Fourier transform infrared spectroscopy (FTIR) coupled with High Pressure (HP) techniques is a suitable tool to investigate unfolding/misfolding processes providing useful information on the kinetics of aggregation of proteins[1]. Since HP affects only the volume contribution to the Gibbs free energy, it is able to perturb the structure of proteins in a reversible way [2][3]. The principle governing pressure effects is that it tends to shift a system towards the state that occupies the smallest volume, it causes the electrostriction of charged and polar groups, the elimination of packing defects, and the solvation of hydrophobic groups. Cavities and packing defects are expected to be major contributors to volume changes and their presence will make the system more susceptible to pressure unfolding/dissociation. Because high pressure allows stabilization of folding intermediates such as molten-globule conformations, this method provides an unique opportunity for their characterization. We present here latest developments in the set up of a high pressure infrared facility for the study of protein folding misfolding and aggregations at the SISSI beamline at Elettra.

Piccirilli, F., Mangialardo, S., Baldassarre, L., Postorino, P., Lupi, S., Perucchi, A. (2010). Aggregation properties of proteins under high pressure [Altro].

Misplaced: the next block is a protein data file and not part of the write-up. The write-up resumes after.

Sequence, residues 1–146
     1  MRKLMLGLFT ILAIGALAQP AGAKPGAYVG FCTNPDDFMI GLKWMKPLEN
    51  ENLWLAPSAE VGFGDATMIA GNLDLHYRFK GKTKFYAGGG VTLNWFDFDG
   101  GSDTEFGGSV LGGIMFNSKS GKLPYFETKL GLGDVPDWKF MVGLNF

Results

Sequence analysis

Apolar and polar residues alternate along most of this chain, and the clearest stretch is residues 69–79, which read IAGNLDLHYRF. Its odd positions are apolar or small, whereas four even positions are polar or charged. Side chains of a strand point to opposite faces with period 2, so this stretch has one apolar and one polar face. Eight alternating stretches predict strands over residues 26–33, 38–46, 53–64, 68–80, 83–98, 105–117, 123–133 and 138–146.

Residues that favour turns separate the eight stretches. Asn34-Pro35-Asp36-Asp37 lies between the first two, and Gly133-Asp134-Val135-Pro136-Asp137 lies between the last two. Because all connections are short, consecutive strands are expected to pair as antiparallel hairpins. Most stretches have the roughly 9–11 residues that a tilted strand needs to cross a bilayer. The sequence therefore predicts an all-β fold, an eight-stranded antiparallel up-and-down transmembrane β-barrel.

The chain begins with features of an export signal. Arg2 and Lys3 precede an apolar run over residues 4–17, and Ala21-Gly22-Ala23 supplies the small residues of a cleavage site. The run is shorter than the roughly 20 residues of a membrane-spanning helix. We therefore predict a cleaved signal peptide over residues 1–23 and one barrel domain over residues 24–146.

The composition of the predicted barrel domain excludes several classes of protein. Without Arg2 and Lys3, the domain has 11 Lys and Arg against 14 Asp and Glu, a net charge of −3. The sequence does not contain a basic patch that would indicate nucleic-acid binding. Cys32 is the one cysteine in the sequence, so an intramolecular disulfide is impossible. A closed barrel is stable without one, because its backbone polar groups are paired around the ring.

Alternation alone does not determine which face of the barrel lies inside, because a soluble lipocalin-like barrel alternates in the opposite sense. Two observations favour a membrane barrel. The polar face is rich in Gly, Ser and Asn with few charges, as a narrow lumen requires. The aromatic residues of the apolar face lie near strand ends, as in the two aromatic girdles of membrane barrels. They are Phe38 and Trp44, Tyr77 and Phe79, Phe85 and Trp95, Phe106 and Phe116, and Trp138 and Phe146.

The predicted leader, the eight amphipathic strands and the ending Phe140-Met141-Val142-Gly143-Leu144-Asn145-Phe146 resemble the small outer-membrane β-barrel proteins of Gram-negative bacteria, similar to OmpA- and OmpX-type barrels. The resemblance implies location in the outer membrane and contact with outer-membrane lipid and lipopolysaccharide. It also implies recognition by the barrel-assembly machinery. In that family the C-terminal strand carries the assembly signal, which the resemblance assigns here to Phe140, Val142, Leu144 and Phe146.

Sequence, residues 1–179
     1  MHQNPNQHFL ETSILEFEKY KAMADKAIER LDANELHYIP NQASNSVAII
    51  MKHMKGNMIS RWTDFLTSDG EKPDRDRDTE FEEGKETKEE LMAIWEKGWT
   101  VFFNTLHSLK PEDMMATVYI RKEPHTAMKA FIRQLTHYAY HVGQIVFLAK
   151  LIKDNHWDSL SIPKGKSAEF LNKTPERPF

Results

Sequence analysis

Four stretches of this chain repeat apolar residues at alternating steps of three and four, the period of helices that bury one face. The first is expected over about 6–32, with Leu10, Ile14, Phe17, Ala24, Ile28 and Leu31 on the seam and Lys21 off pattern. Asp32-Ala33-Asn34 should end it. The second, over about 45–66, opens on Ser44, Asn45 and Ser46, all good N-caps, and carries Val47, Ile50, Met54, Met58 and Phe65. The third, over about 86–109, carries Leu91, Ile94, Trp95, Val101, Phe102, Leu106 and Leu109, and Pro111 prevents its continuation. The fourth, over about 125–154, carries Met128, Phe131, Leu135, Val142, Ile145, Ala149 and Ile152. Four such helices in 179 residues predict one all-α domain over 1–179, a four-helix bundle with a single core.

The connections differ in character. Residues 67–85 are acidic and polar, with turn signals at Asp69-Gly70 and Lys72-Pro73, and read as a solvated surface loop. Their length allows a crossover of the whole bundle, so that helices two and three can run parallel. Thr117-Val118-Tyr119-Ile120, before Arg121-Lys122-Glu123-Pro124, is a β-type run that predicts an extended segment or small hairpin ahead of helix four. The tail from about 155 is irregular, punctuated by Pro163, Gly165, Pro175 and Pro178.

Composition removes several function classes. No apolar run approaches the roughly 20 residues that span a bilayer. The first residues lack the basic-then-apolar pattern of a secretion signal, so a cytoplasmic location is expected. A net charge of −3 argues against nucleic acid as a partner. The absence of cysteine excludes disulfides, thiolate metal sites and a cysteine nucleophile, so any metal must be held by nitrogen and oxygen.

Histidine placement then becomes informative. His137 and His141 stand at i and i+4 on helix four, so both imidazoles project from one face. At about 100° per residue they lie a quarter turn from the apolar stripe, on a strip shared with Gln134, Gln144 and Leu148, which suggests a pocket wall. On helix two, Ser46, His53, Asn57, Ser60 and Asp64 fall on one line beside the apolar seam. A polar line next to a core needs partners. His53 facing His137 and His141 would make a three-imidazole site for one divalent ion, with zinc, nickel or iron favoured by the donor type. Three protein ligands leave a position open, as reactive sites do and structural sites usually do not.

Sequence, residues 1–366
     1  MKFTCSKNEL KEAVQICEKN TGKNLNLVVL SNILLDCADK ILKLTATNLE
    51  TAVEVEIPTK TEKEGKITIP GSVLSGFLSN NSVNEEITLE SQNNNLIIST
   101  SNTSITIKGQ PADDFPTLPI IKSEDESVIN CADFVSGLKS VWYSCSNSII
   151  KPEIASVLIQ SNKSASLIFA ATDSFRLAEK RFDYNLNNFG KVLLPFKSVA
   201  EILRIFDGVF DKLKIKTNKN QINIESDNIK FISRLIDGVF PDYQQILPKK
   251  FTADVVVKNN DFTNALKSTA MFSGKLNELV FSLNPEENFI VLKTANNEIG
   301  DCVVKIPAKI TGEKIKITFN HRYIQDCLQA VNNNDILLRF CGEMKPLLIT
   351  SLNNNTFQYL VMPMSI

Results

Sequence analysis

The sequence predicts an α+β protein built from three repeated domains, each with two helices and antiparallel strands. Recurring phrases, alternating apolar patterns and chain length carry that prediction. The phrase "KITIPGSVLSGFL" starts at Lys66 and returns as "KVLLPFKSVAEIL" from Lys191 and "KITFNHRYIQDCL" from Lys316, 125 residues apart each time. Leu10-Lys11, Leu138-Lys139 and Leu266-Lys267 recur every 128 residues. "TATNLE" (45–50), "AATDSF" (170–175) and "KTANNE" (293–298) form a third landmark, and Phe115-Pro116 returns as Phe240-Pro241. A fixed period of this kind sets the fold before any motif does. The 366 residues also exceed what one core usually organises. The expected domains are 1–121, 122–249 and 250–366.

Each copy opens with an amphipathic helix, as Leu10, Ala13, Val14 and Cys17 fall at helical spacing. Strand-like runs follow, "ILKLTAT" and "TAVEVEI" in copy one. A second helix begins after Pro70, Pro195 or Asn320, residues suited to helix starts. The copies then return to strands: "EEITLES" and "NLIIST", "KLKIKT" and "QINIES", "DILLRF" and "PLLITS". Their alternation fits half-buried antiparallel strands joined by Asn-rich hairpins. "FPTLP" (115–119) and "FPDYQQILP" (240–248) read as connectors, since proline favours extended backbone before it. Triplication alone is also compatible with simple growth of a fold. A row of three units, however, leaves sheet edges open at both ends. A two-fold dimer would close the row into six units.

Aggregation properties of proteins under high pressure

PICCIRILLI, Federica;
2010-01-01

Abstract

Fourier transform infrared spectroscopy (FTIR) coupled with High Pressure (HP) techniques is a suitable tool to investigate unfolding/misfolding processes providing useful information on the kinetics of aggregation of proteins[1]. Since HP affects only the volume contribution to the Gibbs free energy, it is able to perturb the structure of proteins in a reversible way [2][3]. The principle governing pressure effects is that it tends to shift a system towards the state that occupies the smallest volume, it causes the electrostriction of charged and polar groups, the elimination of packing defects, and the solvation of hydrophobic groups. Cavities and packing defects are expected to be major contributors to volume changes and their presence will make the system more susceptible to pressure unfolding/dissociation. Because high pressure allows stabilization of folding intermediates such as molten-globule conformations, this method provides an unique opportunity for their characterization. We present here latest developments in the set up of a high pressure infrared facility for the study of protein folding misfolding and aggregations at the SISSI beamline at Elettra.
Piccirilli, F., Mangialardo, S., Baldassarre, L., Postorino, P., Lupi, S., Perucchi, A. (2010). Aggregation properties of proteins under high pressure [Altro].
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Utilizza questo identificativo per citare o creare un link a questo documento: https://hdl.handle.net/10447/65399
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